A new check box was added so that foreign financial institutions with a chapter 4 requirement can report U.S. accounts that they maintain.
As with the 1099-INT and 1099-MISC forms, a new check box was added so that foreign financial institutions with a chapter 4 requirement can report U.S. accounts that they maintain.
Filers may no longer truncate a donor’s Social Security Number (SSN), individual taxpayer identification number (ITIN), adoption taxpayer identification number (ATIN), or employer identification number (EIN)) on any documents filed with the IRS.
For a sale of a debt instrument that is a wash sale and has accrued market discount, code “W” should be entered in box 1f, and the amount of the wash sale loss disallowed should be entered in box 1g.
Completion of box 1b for "Card Not Present" transactions is now mandatory for 2015. It was optional on the 2014 form.
A foreign financial institution with a chapter 4 requirement to report a cash value insurance contract or annuity contract that is a U.S. account held by a specified U.S. person with the FFI may satisfy this requirement by electing to report the account on Form 1099-R.
The following forms are mandatory filing for Tax Year 2015.
The Affordable Care Act (ACA) Employer Shared Responsibility Rule, under IRS Code Sections 6055 and 6056, will take effect in January 2016 and will require employers to file annual information returns with the IRS and deliver employee statements with health plan coverage information. This new reporting requirement is in addition to the current requirement that healthcare costs must be listed on Form W-2.
Considering that 300 million tax forms will be filed in the upcoming season, the impact of the new requirement will be widespread. Tax forms that will be required for filing ACA healthcare costs include forms 1094-B, 1094-C, 1095-B and 1095-C. In addition to affected individual taxpayers, the new requirements will significantly affect health insurance companies, businesses with 50 or more employees, and payroll providers.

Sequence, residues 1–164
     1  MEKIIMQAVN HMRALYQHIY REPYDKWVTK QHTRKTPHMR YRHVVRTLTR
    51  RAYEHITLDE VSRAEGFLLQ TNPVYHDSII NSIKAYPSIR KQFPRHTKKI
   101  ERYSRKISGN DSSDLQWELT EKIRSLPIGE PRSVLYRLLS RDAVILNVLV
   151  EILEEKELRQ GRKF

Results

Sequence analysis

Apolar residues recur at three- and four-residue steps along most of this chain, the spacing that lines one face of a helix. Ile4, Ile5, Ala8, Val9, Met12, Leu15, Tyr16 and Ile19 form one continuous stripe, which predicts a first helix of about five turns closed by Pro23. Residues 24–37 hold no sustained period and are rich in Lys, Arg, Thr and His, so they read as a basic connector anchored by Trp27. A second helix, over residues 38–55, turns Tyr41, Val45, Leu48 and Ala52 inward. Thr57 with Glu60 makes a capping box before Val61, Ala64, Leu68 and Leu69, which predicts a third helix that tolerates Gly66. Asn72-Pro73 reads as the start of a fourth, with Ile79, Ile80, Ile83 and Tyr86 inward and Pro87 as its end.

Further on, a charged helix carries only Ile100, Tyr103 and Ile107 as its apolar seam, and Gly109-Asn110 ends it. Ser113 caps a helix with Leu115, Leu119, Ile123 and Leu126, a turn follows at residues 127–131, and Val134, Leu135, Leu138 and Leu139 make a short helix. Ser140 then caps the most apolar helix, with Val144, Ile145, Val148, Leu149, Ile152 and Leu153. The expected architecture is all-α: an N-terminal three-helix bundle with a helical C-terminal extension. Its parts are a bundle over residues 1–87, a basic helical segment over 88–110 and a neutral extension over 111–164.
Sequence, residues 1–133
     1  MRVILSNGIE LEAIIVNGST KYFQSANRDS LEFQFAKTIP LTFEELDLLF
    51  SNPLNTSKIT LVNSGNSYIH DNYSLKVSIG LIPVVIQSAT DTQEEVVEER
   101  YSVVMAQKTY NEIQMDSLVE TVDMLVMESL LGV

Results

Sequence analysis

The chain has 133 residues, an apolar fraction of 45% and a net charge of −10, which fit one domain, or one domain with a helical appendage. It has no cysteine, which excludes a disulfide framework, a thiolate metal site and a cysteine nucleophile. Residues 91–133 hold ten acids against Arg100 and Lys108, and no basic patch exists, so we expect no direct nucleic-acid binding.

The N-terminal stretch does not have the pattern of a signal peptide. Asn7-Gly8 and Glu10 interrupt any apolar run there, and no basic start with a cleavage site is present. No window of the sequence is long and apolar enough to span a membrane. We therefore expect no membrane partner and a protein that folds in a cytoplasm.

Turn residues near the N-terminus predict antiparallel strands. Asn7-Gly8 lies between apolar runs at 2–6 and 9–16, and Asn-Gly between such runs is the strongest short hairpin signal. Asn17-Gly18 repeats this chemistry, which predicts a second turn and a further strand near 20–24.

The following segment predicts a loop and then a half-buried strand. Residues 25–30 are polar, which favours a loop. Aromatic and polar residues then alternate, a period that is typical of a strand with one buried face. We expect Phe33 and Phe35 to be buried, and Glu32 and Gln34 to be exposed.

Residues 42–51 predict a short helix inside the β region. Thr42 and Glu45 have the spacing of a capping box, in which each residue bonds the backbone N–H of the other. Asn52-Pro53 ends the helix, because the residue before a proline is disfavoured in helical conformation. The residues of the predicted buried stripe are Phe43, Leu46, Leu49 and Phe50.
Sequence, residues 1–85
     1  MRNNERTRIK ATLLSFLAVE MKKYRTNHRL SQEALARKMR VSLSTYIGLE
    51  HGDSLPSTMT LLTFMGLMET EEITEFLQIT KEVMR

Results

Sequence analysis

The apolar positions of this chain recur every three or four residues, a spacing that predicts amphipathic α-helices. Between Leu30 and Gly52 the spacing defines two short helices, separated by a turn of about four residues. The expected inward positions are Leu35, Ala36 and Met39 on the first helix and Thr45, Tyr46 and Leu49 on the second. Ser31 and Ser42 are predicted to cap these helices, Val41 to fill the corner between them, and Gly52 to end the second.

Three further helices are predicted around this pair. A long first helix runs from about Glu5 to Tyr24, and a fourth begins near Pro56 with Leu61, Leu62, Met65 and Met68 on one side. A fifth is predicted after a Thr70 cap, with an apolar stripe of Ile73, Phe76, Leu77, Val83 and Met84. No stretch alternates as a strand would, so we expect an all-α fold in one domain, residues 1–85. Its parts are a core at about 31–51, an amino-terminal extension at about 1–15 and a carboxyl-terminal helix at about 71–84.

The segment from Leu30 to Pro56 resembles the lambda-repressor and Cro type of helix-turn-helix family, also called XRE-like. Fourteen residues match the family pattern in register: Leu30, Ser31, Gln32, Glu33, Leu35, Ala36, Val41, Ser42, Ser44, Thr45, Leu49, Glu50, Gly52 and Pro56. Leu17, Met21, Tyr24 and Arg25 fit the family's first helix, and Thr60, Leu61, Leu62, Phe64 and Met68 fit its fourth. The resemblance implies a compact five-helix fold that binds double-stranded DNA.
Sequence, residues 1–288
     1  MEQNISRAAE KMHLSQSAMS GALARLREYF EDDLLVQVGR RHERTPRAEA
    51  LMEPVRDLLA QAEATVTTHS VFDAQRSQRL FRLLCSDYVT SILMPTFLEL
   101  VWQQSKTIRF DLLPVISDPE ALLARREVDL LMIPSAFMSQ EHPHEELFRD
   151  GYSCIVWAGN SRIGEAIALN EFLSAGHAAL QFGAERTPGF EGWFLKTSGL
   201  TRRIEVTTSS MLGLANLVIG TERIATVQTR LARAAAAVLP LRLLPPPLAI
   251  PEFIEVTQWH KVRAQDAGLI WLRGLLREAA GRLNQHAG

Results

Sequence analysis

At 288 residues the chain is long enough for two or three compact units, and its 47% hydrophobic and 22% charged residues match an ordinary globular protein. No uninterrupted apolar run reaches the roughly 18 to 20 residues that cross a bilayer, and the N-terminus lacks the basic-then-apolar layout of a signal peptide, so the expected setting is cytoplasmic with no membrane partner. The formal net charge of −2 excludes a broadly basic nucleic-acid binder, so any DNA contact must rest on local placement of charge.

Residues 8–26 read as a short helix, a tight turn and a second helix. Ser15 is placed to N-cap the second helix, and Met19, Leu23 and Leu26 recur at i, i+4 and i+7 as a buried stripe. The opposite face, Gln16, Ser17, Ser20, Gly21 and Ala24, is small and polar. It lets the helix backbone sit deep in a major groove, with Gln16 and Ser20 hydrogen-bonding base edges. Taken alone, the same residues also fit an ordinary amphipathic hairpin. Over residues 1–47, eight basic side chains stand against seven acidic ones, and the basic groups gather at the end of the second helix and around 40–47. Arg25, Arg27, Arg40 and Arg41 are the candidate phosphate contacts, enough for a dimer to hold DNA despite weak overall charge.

We will do our best to keep our customers apprised of changes and offer the necessary forms.
Affordable Care Act and Health Insurance Penalty
This is the biggest change for 2015, and the biggest change in tax law in years. The
Tax Bracket Adjustments
For 2015, income tax thresholds have again been adjusted for inflation by about 1.6% over 2014. The highest tax rate of 39.6%, for instance, will now apply to single filers with adjusted gross income of more than $413,200 and married couples with adjusted gross income of more than $464,850. Both figures are up about 1.6% from tax year 2014. More information can be found here.
The standard deduction has also been adjusted for inflation. The deduction for single or married filing separately is up $100 to $6,300, and for married couples filing jointly, the deduction is up $200 to $12,600 for 2015.
The inflation adjusted limit on employee contributions to a 401(k) plan will increase by $500 from 2014 to $18,000 for workers under 50. Workers over 50 can now contribute an additional $6,000, which is an increase of over over the previous cap of $5,500.
Flexible Spending Account (FSA) Limits
Employee-sponsored flexible spending accounts are used for setting aside pretax money to pay for qualified health care expenses such as eyeglasses,physical therapy, day-care, and in-home care. The annual limit on employee contributions to FSAs has increased by $50 from 2014 and is now $2,550. There are no reporting requirements for FSAs on your income tax return. For more information, see here.
Taxpayers who received payments in virtual currency such as bitcoins in 2015 must include the fair market value of the payments in their annual income. Also, taxes will apply for investments in virtual currency.
Beginning in 2015, only a one single rollover can be made from an IRA in a 12-month period. The new IRS rule targets the practice of withdrawing funds and using them as a short-term loan before re-depositing them.
Alternative Minimum Tax (AMT) Changes
The alternative minimum tax exemption has been inflation adjusted to $53,600 for individuals and $83,400 for joint filers, which is an increase of 1.5% over 2014.